Hawaii, Maryland, New Jersey, Texas, and Vermont all adopted new energy codes in 2015.
The Midwest has a long history of supporting energy efficiency. In 1983, Minnesota was the first state to pilot a statewide energy efficiency program. Since then six Midwestern states have adopted some form of an energy savings target, also known as an Energy Efficiency Portfolio Standard (EEPS). These policies have spurred significant investment in energy efficiency – dollars that are spent locally to create jobs and support plant retrofits, home weatherization, capital improvements in public facilities, small business energy efficiency improvements, and education campaigns among other initiatives.
These days it seems that all states are taking some flack as they work toward meeting their Recovery Act obligations by the year 2017, but some aren’t taking “no can do” for an answer. It’s not always easy, especially in home-rule states where current law prohibits the state from adopting a statewide code. But that didn’t stop the state of Illinois, which passed legislation in 2009 to remove the local home-rule jurisdiction over residential energy standards and adopt the 2009 International Energy Conservation Code (IECC).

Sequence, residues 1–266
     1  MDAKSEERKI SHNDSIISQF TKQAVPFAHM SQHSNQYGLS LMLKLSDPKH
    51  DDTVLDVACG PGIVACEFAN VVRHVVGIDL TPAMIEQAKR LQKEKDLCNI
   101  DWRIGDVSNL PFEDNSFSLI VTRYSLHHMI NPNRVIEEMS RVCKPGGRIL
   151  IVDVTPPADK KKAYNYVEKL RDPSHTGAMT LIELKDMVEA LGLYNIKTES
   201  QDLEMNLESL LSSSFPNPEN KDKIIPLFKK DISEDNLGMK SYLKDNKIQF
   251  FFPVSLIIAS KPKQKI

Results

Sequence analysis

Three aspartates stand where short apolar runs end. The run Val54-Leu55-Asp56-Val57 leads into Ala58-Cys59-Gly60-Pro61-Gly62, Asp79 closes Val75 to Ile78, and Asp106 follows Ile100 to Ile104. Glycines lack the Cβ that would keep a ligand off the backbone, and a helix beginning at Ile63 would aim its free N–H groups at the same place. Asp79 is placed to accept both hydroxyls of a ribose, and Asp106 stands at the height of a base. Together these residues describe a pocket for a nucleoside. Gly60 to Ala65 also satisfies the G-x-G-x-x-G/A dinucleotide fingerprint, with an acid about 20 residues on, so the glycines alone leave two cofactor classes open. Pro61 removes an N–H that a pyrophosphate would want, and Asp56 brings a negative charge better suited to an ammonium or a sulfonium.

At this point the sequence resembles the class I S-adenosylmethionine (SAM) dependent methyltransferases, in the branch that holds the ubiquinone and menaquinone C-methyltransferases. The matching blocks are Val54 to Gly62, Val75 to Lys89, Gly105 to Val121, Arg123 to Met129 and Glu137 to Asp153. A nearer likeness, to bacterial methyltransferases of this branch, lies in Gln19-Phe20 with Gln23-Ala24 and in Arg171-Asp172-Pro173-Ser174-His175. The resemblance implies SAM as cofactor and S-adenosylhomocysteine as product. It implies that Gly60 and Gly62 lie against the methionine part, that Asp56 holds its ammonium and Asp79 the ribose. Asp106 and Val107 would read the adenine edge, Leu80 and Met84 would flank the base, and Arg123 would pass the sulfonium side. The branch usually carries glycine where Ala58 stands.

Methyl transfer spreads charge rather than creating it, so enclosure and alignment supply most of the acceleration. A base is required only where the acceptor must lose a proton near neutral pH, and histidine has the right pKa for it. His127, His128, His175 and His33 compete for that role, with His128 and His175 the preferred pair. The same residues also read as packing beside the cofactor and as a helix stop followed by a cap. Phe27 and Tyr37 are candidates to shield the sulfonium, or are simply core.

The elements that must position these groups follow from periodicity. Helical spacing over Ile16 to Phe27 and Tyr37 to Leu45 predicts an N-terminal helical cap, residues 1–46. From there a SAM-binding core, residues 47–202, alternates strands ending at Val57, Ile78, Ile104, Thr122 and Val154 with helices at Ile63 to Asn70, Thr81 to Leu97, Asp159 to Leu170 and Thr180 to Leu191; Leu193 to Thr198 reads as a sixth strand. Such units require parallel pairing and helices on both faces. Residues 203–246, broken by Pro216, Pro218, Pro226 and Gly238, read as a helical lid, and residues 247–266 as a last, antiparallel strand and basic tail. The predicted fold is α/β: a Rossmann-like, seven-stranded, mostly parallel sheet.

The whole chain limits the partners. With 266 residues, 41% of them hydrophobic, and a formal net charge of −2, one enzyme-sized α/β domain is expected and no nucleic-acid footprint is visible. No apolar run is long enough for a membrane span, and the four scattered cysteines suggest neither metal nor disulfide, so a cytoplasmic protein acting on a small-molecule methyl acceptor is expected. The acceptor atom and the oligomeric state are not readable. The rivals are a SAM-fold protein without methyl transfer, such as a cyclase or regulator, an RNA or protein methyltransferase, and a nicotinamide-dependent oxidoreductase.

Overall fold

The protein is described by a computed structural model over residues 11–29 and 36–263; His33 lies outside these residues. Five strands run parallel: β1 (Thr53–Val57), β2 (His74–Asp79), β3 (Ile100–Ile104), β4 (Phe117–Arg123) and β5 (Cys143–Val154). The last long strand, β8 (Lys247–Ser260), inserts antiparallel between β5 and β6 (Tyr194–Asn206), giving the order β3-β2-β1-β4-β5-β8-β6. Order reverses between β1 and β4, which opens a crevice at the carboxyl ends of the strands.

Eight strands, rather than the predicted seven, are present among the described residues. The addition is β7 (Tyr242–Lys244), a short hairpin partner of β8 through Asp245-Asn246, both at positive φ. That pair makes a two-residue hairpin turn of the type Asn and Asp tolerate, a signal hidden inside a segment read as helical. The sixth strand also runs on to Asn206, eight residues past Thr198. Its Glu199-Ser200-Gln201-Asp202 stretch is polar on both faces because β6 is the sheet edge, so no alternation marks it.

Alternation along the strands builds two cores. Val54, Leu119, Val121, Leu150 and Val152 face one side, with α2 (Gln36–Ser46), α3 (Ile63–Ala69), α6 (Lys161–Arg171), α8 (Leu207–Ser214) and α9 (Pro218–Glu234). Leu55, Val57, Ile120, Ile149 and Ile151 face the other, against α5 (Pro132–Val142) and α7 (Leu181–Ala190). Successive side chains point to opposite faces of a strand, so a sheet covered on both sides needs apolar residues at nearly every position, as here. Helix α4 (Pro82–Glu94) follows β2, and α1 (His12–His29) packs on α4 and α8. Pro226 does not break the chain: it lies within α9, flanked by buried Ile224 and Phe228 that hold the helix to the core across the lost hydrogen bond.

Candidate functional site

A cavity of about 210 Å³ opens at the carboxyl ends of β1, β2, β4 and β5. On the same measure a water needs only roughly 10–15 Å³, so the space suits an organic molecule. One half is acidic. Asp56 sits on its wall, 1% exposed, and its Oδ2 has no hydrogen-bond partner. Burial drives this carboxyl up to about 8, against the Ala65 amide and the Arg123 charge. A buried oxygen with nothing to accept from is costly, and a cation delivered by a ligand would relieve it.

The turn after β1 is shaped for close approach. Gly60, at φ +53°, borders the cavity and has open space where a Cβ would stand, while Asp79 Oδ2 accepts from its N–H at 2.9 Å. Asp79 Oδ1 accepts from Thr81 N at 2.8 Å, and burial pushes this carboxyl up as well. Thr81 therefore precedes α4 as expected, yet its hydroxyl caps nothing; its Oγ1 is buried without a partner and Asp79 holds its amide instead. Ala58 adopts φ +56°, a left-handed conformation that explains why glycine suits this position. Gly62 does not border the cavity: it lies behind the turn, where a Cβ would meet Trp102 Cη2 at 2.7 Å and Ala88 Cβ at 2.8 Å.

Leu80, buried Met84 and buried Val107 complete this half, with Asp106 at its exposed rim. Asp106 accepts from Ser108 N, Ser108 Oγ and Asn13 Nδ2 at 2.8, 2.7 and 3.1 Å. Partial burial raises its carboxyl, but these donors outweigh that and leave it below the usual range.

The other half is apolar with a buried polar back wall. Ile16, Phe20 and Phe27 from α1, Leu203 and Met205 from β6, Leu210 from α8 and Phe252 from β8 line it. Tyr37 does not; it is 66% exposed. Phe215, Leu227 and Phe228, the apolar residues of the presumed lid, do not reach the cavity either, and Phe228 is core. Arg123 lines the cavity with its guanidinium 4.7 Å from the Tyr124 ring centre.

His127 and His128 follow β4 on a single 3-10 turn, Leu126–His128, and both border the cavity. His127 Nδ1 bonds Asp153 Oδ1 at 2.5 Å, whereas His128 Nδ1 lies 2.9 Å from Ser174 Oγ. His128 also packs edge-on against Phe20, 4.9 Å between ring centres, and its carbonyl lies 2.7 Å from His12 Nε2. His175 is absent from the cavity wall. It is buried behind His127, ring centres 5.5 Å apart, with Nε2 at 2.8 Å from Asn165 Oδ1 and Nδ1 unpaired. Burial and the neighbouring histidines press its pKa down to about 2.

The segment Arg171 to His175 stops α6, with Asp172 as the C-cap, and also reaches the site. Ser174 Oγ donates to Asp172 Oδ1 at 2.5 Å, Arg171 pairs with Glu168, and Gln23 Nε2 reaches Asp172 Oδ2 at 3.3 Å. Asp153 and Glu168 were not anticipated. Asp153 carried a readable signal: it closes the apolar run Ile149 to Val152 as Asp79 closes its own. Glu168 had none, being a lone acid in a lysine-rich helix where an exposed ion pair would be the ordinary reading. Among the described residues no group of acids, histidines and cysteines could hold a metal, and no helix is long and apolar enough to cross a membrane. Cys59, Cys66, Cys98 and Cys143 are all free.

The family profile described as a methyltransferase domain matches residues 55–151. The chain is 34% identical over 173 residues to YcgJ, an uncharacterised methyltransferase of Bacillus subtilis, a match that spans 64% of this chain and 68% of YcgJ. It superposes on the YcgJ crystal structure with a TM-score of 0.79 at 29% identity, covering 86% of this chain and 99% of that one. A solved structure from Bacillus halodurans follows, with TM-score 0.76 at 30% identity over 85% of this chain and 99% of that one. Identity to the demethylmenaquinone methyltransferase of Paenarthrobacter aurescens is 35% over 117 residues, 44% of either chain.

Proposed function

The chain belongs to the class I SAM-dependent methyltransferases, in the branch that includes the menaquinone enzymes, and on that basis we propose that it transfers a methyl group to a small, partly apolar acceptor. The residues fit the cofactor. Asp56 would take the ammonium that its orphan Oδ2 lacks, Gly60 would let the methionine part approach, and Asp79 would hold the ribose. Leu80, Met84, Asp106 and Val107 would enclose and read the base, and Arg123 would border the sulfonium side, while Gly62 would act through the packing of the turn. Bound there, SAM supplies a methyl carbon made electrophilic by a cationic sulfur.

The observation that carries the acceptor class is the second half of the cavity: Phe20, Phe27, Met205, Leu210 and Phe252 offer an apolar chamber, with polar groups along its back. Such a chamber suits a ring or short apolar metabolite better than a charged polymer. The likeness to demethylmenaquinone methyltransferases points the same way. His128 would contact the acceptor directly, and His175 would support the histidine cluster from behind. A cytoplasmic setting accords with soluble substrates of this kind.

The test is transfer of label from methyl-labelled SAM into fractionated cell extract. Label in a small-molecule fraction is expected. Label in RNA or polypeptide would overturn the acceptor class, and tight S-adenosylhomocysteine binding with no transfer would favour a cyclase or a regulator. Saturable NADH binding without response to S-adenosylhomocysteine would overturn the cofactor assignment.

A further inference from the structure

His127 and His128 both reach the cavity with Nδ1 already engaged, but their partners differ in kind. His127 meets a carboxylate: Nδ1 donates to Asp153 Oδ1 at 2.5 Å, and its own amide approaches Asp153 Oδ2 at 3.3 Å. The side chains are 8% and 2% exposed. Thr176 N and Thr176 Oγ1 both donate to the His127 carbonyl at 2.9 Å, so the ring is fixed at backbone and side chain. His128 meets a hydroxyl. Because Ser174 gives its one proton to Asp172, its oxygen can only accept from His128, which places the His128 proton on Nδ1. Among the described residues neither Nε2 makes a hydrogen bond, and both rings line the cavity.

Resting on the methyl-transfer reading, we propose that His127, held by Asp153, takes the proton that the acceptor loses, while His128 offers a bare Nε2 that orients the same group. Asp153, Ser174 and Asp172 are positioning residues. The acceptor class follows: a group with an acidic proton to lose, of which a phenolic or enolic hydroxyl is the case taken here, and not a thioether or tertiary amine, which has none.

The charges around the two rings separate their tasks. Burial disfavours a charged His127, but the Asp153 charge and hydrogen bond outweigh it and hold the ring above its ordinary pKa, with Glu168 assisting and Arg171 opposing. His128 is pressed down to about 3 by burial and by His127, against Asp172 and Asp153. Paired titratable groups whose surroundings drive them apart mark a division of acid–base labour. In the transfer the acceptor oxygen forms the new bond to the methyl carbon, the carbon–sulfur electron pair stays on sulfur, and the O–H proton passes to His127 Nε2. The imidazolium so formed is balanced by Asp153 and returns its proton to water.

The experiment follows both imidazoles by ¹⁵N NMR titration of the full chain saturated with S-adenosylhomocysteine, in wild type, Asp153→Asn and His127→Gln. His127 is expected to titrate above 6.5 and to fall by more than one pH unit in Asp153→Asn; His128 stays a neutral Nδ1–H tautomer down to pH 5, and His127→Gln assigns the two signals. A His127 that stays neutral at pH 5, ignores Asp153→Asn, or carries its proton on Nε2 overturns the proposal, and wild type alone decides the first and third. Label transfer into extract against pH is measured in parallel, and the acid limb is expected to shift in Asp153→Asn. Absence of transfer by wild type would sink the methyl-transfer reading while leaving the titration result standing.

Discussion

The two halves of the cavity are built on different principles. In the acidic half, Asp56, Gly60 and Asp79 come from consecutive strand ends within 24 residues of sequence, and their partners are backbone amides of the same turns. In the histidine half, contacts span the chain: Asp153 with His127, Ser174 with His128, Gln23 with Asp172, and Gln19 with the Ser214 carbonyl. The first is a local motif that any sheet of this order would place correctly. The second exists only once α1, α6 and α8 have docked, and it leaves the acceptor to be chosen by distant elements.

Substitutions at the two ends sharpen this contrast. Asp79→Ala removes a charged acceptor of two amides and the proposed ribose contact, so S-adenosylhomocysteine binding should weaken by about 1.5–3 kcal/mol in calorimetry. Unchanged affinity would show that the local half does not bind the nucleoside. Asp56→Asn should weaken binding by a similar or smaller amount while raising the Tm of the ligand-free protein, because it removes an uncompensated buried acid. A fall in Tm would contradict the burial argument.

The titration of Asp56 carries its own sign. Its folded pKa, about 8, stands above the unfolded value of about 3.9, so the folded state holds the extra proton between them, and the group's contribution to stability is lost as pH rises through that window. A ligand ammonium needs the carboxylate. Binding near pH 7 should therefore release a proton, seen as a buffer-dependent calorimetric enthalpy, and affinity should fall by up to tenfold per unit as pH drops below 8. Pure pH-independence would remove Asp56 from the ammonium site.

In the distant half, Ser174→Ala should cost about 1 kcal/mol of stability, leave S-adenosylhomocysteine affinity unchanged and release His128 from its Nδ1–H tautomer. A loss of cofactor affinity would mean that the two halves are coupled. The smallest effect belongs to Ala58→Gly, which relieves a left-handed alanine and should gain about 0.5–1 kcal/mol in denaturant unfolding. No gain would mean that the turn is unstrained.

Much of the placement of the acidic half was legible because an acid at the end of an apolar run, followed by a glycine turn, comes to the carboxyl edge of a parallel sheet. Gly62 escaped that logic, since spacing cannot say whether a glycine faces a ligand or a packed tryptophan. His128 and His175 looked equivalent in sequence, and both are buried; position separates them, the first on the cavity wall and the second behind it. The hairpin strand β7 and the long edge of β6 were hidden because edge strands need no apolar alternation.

On October 22, 2012, the Institute for Market Transformation (IMT) and the Global Buildings Performance Network (GBPN) recognized the inaugural winners of the Excellence in Energy Code Compliance Award at the International Code Council’s Annual Conference in Portland, Oregon. This new award program honors state and local jurisdictions that have raised compliance with energy codes using smart, cost-effective strategies.